BC Platforms’ founder Dr. Timo Kanninen presents on this topic at the 1st Annual Well Aging Society Summit in Tokyo, Japan:
Globally, our society is exhibiting a worrying trend of rapidly aging populations together with a declining birth rate. This effect has created a pressing need for collaboration in the healthcare and research spaces in order to make advances that will help mitigate this population shift. These industries are beginning to see the urgency for more open data sharing across institutions because scientists require access to unique data sets if they are to realize the promise that personalized healthcare may provide.
Japan, similar to many other societies, is experiencing this shift in demographics, which will place great financial and social burdens on its population. To advance research, the Japanese government is examining how to gain access to more global genetic datasets to add to projects within its university hospitals and biobanks. They hope to apply cutting edge data science techniques and establish a better understanding of precision healthcare. Specifically, the goal is to tap into a global network of biobank data and study different patient cohorts to make discoveries that help reduce the expected economic strain placed on the younger generation, having to support the larger ailing population.
This week, the 1st Annual Well Aging Society Summit was held in Tokyo, Japan to discuss these issues and their scientific context. BC Platforms’ founder Dr. Timo Kanninen presented at the meeting, discussing the ultimate goal of precision medicine: to individualize all aspects of care and provide the right treatment to the right patient at the right time. Currently, many widely used treatments only function for a fraction of patients, presenting a significant economic burden to most healthcare systems.
Dr. Kanninen shared how BC platforms has set up a secure global network of biobanks that facilitates industry collaborations and advances R&D to meet the needs of a changing healthcare landscape. Interestingly, the idea of next generation biobanking originated with this concept of forming cross-industry partnerships and developing unique insights by combining existing rich data sources. This signifies a transition where many organizations have started looking to share their secondary data in collaborations with pharma. The end goal is to realize the full potential of powerful data sources and make more informed, targeted scientific discoveries. Teams of geneticists and data scientists working together are increasingly necessary to combine specialized skills and harmonize genomic data and clinical Real-World Data with the overall aim of enabling personalized health.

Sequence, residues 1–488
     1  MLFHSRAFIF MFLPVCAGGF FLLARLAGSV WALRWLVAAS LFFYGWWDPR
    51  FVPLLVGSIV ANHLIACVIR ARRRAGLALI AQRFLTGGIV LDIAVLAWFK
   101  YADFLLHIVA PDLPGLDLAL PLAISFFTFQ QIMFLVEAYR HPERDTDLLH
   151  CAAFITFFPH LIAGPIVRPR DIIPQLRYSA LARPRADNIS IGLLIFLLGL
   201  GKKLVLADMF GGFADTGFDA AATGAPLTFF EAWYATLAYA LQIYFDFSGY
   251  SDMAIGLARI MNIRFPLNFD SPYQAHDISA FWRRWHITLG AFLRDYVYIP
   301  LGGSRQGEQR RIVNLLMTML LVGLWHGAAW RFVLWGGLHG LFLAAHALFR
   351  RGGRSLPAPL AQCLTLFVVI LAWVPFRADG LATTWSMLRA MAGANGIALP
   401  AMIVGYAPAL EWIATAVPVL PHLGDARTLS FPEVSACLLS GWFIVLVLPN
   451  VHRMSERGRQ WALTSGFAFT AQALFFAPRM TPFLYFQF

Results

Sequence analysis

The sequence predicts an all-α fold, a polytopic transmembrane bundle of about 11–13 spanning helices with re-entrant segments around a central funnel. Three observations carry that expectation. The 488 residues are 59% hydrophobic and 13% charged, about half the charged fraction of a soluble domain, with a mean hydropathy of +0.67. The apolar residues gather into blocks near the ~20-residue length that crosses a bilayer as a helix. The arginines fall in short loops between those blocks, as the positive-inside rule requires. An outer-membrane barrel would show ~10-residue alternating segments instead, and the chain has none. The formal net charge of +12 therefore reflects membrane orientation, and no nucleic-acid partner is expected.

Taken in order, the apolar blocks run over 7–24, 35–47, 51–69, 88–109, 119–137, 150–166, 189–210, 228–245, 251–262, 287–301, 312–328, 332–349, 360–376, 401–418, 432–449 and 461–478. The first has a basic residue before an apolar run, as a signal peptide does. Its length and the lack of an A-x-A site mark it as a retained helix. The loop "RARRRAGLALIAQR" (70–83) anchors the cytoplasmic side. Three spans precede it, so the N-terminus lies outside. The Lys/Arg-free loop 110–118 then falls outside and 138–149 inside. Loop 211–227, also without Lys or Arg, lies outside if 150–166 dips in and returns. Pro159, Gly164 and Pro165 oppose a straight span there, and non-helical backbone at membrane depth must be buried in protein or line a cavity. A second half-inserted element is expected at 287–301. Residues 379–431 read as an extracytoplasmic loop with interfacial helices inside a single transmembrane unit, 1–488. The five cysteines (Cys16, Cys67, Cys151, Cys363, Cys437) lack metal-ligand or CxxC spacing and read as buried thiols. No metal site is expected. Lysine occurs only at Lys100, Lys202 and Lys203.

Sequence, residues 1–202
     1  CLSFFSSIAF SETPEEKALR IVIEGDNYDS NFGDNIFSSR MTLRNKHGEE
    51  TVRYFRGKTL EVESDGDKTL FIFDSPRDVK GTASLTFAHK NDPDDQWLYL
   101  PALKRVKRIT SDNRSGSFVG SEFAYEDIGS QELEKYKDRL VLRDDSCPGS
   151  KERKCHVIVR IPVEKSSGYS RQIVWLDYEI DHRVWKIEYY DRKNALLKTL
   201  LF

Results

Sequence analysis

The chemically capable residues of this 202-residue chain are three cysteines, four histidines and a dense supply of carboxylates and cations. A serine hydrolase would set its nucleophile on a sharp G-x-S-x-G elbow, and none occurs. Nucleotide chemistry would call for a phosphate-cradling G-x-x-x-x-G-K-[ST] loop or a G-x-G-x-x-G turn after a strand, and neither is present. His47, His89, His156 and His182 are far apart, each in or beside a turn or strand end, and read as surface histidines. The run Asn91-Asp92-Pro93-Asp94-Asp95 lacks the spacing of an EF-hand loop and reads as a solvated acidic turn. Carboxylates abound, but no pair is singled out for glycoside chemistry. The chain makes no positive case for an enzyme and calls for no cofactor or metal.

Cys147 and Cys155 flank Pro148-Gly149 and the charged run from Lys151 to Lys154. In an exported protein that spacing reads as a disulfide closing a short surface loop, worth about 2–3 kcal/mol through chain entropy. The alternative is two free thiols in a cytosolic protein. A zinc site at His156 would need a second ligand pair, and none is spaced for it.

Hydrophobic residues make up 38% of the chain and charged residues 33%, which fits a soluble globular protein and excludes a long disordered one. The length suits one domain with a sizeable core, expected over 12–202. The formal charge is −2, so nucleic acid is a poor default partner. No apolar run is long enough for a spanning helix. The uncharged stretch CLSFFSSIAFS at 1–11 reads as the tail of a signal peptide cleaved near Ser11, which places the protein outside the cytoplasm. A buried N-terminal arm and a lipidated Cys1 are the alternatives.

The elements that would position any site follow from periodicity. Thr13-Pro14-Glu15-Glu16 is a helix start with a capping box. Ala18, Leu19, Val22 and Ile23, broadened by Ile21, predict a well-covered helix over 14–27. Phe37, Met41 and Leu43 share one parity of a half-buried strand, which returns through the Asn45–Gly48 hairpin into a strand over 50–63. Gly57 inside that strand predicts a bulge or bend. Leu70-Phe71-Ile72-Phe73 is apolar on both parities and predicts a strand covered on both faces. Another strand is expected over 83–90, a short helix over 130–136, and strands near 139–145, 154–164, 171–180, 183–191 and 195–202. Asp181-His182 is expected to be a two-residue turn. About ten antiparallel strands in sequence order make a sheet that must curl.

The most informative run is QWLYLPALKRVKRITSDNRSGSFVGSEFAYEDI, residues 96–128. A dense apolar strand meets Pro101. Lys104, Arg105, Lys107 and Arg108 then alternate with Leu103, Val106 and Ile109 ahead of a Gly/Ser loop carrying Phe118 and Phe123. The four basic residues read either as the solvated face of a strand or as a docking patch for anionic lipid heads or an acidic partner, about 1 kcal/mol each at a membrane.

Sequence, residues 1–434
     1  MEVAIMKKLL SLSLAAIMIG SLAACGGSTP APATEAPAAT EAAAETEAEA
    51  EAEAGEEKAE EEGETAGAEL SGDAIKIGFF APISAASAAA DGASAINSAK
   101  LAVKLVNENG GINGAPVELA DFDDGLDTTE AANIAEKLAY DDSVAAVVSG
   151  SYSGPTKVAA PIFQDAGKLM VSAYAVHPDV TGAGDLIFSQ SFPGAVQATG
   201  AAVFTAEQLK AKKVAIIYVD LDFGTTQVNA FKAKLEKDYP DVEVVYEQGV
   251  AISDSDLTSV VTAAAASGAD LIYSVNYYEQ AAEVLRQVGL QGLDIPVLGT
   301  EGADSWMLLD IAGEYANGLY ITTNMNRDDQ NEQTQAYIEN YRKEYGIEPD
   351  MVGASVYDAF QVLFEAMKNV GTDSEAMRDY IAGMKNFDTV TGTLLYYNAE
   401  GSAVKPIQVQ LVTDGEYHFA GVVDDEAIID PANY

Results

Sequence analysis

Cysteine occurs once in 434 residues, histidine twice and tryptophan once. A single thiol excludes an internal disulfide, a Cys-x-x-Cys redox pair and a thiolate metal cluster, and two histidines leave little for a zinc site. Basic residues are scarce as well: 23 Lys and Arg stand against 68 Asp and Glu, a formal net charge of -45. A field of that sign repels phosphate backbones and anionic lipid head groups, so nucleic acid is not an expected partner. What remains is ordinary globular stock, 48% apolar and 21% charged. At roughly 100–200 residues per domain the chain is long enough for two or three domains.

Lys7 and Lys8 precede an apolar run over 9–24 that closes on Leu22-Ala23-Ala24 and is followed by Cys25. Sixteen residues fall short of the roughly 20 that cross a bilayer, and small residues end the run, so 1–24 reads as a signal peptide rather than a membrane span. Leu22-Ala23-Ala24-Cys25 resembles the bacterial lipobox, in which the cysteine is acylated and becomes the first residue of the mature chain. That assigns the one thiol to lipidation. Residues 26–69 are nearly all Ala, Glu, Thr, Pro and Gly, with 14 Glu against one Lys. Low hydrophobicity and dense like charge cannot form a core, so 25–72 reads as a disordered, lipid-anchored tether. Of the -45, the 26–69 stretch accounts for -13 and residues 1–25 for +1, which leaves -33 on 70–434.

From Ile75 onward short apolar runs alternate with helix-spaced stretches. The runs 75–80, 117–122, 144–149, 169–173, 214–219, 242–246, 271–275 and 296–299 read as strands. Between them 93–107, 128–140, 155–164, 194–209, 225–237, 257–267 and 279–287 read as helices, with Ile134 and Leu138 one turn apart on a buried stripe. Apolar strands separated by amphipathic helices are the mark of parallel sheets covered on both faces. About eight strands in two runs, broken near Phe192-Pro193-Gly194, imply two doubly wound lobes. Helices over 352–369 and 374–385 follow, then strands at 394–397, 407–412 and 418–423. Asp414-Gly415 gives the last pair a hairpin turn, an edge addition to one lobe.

Dr. Kanninen also demonstrated BC Platforms’ GeneVision software application that facilitates the adoption of precision and preventive medicine at the population scale, either using low cost array or next-generation-sequencing genomic technology in the healthcare sphere. He explained how this software ingests raw data from genomic instruments, performs pre-processing and quality checking for clinical use, and feeds data to clinical reporting applications to provide insights for the physician finalizing the clinical report. In this way, BC Platforms’ all-in-one automated platform applies innovative data science capabilities and enables physicians to make recommendations for more individualized treatments.
In the context of the Japanese market, Dr. Kanninen expressed that in Japan he hopes to emulate the success of company projects at the University of Colorado in the US, one of the country’s leading translational research organizations. In this collaboration, BC Platforms is building a next-generation service platform with data from approximately 5 million patients, combining clinical and genomic information (genotyping). Overall, BC Platforms’ goal is to harmonize all types of data and apply them across the healthcare, research, and pharma industries to support precision medicine initiatives with a growing global biobank network and extensive data science capabilities.